The New Year’s Resolutions may begin to fade away as another holiday traditionally adorned with treats comes up. With stores’ aisles full of pastels and brightly-colored candy, it can be easy to find yourself in a sugar overload. When it comes to candy or treats of any kind at any time of the year, moderation is essential. Moderation is all about balancing indulgences with healthy choices. Complete deprivation when it comes to sweets and treats can sometimes lead to a binge. Balance can help lead to overall good choices. Here is a list of some candy to avoid along with some helpful tips on how to replace them.
#1 Sour Candy
Sour candy contains a ton of additional acid, and since acid is what causes enamel to erode, it can be additionally harmful to your smile. It can increase your risks of tooth decay. Fresh citrus fruit can be a swap to get that sweet and sour goodness. Filling Easter baskets with juicy mandarins can be a colorful surprise.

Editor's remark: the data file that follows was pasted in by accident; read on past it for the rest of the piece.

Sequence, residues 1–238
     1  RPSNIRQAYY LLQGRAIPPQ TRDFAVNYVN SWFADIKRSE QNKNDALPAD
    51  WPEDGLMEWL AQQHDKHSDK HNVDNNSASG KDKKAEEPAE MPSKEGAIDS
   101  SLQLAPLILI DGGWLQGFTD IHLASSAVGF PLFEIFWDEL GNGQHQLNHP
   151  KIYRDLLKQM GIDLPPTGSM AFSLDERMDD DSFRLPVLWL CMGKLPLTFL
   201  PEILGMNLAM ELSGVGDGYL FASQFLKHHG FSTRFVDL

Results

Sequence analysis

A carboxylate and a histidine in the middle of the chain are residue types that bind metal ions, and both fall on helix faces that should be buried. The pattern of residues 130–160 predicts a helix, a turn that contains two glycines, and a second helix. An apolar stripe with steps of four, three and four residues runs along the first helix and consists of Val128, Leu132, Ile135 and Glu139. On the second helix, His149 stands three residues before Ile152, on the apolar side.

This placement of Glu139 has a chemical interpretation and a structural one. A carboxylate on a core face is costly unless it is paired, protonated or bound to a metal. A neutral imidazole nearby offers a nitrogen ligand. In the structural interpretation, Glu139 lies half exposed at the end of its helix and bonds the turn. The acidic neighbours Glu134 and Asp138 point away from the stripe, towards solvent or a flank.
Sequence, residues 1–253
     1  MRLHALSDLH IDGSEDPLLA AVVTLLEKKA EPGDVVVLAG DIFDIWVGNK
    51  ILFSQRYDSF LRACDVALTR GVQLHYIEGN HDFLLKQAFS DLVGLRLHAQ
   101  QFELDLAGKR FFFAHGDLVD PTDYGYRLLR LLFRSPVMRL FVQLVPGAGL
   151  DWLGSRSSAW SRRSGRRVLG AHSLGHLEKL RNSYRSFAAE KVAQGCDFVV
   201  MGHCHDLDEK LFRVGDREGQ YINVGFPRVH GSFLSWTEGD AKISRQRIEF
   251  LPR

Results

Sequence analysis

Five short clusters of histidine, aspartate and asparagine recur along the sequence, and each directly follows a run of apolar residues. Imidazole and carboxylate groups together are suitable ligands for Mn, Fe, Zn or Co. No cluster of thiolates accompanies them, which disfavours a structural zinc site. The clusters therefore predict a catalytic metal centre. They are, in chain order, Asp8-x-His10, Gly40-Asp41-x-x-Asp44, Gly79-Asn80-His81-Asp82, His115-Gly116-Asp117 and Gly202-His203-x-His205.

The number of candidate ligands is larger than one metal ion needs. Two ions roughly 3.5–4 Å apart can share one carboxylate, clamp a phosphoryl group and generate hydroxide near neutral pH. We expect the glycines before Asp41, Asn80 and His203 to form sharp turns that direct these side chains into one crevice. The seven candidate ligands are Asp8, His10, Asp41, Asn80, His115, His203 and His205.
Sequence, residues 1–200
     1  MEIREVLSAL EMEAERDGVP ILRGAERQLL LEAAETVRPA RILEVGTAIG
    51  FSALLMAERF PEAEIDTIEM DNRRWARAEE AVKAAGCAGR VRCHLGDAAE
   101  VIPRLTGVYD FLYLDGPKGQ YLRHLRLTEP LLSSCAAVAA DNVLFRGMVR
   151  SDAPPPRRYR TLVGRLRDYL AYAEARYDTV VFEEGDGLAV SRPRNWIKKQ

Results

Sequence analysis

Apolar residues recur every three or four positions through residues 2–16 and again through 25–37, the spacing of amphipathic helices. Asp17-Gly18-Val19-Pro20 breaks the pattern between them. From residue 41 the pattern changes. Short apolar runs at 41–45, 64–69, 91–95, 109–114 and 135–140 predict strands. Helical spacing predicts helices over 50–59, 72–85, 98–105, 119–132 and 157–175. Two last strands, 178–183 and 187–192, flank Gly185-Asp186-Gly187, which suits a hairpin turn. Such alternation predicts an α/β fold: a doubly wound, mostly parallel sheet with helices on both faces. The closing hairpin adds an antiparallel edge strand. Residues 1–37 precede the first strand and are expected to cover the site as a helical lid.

#2 Sticky Candy
- Caramels, gummy candies, and taffies are some of the worst kinds of candy for your teeth. The sticky substances can stick to the small crevices and hard-to-reach places in teeth. The sugar can be left behind and linger long after you have finished enjoying the treat, which can expose your smile to dangers for longer time.
#3 Hard Candy
Hard candy can cause accidents and broken teeth if bitten into at the wrong moment. Some bigger hard sweets like lollipops can also take a long time eat, which can leave teeth exposed to sugar for a longer time than other candy. The longer your smile is exposed to sugar, the longer it has to cause decay and cavities. If sugar is the harmful culprit of candy, than sugar-free candy may be a better choice for your smile.
We hope you and your family have a very Happy Easter!
Making sweet swaps can be a great way to protect smiles from sugar harm. To schedule a consultation, call Grinnell Street Dental at (307) 672-7567. Located in Sheridan, WY, we also proudly serve the residents of Gillette, Billings, Miles City, and all surrounding communities.